Luxury hotels are opening left, right, and center in China; our recent archives are full of them. So humor us for a second, imagine we’d ask you to close your eyes and describe a new luxury hotel opening in a major Chinese city. How would you do it?
If you’re like us, it would go something like this: glassy high-rise, say, attached to a high-end mall? Check. Interiors done up in a mix of whites, greys, and woods, with a dash of contemporary Asian? Check, check. Large rooms, a Club floor, a mix of restaurants (both Chinese and Western, ideally some fusion in there) with a hip bar? Triple check.
Maybe some business and conference facilities, with the latest technology, as well as a swanky spa? Check, check, CHECK – and...welcome to the new Mandarin Oriental Guangzhou.
This week couldn't end without discussing a new Shangri-La hotel, could it? Of course not!
So, besides gushing about the über-plush and attentive service the hotel chain will bring to their newest property debuting in March in Qufu, East-central China, we'll detail their elaborate and unique opening celebration.
The 502-room behemoth will be the first international hotel chain for the city that's better known as Confucius' hometown. While the folks at Shangri-La will be wowing guests with luxury amenities and comfy guestrooms, we like the the events surrounding the ribbon cutting because it involves beautiful food, and, in this case, a food roadshow!
It's that time of year again: the 2012 HotelChatter Awards! Today and Monday, we'll be showcasing the best (and worst) of hotels over the past year. But we couldn't do it without you! Let us know your thoughts in the comments below, or shoot us an email. And the Award goes to...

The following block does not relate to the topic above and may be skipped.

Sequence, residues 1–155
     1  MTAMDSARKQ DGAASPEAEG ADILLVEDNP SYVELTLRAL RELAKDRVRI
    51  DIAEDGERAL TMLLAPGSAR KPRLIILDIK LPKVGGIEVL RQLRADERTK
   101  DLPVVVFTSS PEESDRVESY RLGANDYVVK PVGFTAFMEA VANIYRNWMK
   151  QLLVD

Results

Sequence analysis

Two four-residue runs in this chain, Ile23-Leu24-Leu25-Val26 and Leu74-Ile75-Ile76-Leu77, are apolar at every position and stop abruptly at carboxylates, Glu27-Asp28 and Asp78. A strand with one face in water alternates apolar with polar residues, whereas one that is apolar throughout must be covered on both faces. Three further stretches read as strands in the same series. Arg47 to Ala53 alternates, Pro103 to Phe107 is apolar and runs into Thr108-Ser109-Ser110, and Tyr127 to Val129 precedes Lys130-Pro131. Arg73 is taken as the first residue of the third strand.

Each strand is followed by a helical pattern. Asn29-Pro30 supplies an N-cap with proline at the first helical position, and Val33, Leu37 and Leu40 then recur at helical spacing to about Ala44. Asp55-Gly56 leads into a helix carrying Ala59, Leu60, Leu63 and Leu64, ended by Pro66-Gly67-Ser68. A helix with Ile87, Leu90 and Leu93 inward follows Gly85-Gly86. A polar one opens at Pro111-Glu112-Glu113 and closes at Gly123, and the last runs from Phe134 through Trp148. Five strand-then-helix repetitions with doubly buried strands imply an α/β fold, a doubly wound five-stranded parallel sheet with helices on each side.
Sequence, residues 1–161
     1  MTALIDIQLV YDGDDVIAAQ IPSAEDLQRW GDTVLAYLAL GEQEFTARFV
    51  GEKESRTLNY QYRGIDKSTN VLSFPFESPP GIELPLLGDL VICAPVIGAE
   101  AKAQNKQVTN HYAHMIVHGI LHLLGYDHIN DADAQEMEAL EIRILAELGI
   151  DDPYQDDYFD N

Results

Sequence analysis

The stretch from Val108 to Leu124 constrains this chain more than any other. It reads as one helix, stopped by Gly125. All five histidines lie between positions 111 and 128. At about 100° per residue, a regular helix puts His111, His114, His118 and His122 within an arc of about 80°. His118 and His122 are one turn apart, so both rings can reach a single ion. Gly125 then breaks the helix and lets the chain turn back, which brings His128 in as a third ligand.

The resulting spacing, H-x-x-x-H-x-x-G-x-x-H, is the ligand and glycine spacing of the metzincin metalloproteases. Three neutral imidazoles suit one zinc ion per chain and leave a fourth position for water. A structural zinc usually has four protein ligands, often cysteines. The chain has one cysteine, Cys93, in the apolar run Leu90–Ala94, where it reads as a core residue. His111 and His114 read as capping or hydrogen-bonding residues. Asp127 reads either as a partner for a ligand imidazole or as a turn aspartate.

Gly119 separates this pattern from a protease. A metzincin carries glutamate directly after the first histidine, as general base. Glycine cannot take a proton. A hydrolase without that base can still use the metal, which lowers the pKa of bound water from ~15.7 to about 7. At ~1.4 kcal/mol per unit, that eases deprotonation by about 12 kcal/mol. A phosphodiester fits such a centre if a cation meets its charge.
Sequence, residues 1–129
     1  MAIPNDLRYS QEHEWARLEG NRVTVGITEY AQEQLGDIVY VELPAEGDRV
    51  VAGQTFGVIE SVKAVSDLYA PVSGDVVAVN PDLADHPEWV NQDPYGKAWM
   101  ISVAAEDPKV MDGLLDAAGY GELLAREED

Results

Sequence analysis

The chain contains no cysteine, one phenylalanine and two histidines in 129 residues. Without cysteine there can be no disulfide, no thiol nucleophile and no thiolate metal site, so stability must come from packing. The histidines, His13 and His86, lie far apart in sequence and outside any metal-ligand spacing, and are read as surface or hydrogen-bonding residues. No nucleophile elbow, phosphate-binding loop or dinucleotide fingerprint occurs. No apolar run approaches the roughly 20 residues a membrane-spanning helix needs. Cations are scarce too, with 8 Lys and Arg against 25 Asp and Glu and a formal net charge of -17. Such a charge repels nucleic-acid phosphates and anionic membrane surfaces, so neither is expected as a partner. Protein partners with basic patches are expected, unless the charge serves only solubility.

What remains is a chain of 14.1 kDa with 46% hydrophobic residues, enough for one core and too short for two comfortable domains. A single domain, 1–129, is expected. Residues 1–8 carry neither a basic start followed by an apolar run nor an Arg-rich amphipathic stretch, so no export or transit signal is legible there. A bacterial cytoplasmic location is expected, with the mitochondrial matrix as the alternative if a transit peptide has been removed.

The Park Hyatt Shanghai is located on floors 79-93 of the Shanghai World Financial Center and was once considered the tallest hotel in the world (that’s now been trumped by the JW Marriott Marquis Dubai).
Still, no matter the designation, we give it an award for having the best view around and we've loved it for a long time. The reason is simple. Once you take the express elevator up to the 87th lobby floor of this mammoth building you’ll be gobsmacked by the incredible panoramic views of the city that’s becoming the center of attention for many hotel brands. The Four Seasons, Mandarin Oriental, Banyan Tree, and Bulgari are coming to town, sooner rather than later.
An afternoon dim sum lunch at the 100 Century Avenue restaurant on the 91st floor makes it hard to concentrate on the food and not the famous Oriental Pearl Tower in the distance. And at night, the ambiance and views at the Park Hyatt get even better when you go to level 92 and the Music Room, where a cocktail to accompany the live music sets an incredible scene.
Naturally, if you’re afraid of heights, you might disagree with our choice, but we just say, don’t look down!
China is hot in the world of hotels, as we all know. There’s the dizzying number of properties being opened or announced on a near daily basis, and then InterContinental Hotel Group went and created an entire brand (Hualuxe) just for the Chinese market.
It’s perhaps no surprise then that another new premium hotel brand dedicated to China will be showing up in the next few years: Ahn Luh Resorts & Residences. But, there are a number of reasons why we are intrigued by Ahn Luh, not least among which is the fact that one of the people behind it is Adrian Zecha, founder of drool-worthy (and bank-account busting) Amanresorts and co-founder of GHM Hotels.